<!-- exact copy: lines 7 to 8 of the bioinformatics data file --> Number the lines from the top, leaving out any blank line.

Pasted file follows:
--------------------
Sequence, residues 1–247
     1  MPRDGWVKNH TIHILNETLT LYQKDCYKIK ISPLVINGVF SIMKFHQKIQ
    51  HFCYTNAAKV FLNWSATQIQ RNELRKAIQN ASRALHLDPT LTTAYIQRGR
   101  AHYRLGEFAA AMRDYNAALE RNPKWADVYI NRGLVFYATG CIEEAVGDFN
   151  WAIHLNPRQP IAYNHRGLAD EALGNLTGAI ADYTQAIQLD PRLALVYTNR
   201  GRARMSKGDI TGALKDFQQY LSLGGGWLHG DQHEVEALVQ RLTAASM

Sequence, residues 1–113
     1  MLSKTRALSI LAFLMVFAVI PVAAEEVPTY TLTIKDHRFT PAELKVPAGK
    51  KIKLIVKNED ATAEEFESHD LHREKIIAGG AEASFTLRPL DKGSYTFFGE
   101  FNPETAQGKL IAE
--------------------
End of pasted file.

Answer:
Sequence, residues 1–113
     1  MLSKTRALSI LAFLMVFAVI PVAAEEVPTY TLTIKDHRFT PAELKVPAGK